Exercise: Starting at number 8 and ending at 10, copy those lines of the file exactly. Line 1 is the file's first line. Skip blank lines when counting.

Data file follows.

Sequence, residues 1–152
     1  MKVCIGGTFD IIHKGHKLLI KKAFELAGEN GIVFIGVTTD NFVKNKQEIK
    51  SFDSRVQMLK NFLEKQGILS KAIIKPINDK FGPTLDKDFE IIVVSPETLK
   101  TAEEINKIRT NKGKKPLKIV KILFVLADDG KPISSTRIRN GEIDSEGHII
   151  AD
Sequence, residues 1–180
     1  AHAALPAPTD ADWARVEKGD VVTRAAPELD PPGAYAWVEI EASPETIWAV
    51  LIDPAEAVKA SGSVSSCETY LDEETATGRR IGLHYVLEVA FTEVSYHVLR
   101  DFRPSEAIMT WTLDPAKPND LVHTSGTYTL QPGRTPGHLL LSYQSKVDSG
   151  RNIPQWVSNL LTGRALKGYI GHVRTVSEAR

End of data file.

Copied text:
    51  LIDPAEAVKA SGSVSSCETY LDEETATGRR IGLHYVLEVA FTEVSYHVLR
   101  DFRPSEAIMT WTLDPAKPND LVHTSGTYTL QPGRTPGHLL LSYQSKVDSG
   151  RNIPQWVSNL LTGRALKGYI GHVRTVSEAR